CCP | People

All emails are
Photo of Juhani Järvikivi
Juhani Järvikivi
CCP Director and Professor


I do experimental psycholinguistics. I study language processing, mostly lexical and sentence/discourse comprehension, but I am interested in spoken language in general. Among other things, I am currently interested in investigating how young children and adults process reference across the life-span given the time constraints of normal conversation, and how this is modulated by affect, social cognition, and personality traits.

Photo of Lauren Rudat
Lauren Rudat
CCP Coordinator


As the coordinator for the CCP I ensure that all of the researchers have what they need to complete their research. I am involved at many levels of the research process, including recruitment, consent, running participants, and some pre-processing of data for several different projects. My own previous research has looked at prosody as a mechanism for learning the hierarchical structure of syntax. I am currently interested in the broader nature of language acquisition, particularly in how heritage language competence is related to success in second language acquisition for adults.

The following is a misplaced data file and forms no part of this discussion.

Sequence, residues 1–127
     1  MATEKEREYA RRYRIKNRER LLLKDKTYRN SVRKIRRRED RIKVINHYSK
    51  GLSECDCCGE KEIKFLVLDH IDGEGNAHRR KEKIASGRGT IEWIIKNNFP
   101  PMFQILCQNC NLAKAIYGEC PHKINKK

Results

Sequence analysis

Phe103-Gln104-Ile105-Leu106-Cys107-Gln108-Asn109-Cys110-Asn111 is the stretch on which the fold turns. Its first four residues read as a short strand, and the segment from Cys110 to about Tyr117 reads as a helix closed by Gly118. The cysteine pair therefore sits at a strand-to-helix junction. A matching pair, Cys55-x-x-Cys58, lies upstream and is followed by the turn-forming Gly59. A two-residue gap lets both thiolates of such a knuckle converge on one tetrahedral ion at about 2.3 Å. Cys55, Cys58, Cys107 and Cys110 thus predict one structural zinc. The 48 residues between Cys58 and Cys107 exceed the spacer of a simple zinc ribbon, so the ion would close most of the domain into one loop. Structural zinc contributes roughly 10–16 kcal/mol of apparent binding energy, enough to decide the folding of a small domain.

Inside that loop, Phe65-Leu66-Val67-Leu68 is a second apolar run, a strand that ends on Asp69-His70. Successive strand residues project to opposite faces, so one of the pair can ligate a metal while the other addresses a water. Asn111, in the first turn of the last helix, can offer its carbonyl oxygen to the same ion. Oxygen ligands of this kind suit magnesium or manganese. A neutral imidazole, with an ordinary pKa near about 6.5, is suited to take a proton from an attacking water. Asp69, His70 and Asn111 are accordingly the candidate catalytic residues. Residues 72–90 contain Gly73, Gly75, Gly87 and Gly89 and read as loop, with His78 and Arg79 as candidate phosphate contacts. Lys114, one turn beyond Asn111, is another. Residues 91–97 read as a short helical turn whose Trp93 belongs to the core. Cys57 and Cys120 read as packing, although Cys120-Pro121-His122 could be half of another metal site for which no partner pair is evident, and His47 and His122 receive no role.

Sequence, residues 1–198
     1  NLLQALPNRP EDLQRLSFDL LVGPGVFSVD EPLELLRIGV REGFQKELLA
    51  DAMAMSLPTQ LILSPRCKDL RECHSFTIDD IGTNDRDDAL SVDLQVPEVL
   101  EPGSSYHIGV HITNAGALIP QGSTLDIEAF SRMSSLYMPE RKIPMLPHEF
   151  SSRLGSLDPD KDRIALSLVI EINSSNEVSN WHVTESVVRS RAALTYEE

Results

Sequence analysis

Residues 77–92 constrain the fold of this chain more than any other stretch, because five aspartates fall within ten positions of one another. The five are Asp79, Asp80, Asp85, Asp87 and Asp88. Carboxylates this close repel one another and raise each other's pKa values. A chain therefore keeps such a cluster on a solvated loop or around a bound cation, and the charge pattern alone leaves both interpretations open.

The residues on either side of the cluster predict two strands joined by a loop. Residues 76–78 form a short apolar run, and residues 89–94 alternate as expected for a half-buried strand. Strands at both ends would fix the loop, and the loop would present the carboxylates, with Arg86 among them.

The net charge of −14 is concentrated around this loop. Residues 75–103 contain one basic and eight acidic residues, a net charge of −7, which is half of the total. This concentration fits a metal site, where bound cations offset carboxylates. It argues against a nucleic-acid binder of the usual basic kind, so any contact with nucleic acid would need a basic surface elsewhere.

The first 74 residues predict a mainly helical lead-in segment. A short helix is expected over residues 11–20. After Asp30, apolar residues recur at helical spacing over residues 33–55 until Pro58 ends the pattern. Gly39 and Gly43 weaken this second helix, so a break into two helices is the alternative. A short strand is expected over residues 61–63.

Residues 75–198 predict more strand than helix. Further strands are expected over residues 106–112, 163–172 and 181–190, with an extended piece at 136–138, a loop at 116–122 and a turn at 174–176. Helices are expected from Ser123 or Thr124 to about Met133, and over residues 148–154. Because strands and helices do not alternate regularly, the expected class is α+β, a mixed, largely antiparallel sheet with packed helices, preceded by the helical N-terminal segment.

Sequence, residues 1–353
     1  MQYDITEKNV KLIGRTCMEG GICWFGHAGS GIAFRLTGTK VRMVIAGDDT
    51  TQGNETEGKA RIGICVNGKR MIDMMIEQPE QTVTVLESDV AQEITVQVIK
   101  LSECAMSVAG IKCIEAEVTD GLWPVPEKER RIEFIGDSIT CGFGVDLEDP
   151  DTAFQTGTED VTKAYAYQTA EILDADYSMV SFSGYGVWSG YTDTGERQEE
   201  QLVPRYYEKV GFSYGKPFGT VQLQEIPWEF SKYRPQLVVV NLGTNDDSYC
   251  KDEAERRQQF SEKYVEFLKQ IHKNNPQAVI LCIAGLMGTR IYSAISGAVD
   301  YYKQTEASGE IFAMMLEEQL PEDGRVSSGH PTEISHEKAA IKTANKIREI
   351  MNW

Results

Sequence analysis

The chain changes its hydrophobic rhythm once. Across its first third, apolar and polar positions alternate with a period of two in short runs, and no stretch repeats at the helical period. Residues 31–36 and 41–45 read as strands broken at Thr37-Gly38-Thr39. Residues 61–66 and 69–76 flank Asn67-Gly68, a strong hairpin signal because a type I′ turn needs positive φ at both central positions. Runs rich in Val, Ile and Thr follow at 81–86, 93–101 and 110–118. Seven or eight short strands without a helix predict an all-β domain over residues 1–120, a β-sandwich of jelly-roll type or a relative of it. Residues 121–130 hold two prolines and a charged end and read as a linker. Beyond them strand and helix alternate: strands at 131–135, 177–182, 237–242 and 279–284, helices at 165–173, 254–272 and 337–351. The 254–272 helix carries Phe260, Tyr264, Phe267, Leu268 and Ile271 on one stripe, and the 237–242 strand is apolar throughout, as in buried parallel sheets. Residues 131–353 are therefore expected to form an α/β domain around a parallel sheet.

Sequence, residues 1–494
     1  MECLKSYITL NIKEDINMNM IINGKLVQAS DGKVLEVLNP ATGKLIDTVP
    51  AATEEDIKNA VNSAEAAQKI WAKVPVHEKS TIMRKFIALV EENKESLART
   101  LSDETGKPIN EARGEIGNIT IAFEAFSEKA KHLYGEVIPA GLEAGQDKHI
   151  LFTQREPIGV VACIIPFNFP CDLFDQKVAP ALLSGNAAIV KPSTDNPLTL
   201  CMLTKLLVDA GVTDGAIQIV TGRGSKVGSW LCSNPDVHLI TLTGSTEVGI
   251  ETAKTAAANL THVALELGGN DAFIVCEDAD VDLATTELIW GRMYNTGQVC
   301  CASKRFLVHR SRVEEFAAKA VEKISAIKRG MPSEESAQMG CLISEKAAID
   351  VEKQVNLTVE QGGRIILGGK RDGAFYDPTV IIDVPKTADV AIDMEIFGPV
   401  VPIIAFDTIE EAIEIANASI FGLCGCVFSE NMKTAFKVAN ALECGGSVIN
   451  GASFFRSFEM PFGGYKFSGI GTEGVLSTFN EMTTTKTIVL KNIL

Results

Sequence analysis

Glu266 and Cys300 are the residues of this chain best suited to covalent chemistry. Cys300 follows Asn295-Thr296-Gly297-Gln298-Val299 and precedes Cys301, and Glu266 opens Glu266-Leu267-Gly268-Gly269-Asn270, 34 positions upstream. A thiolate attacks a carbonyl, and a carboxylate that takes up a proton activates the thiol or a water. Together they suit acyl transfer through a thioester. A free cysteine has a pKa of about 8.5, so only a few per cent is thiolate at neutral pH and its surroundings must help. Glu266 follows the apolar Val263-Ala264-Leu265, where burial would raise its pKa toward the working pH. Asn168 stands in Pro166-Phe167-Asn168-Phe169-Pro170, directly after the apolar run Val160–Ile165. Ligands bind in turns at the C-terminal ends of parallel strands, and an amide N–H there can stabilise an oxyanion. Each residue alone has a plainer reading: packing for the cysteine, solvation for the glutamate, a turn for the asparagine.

Photo of Anja Arnhold
Anja Arnhold


I work on prosody using a laboratory phonology approach. In particular, I have been researching how different languages use prosody to express information structure. My most recent work concentrates on how prosody interacts with other areas of grammar, especially syntax, in marking contrast, topic or the distinction between focus and background.

Photo of Herbert L. Colston
Herbert L. Colston
Department Chair and Professor


I primarily study figurative/indirect language and its use & comprehension. I am also interested in structural influences on language comprehension and function, as well as multimodality and metalinguistic interactions with language comprehension and use.

Photo of Johanne Paradis
Johanne Paradis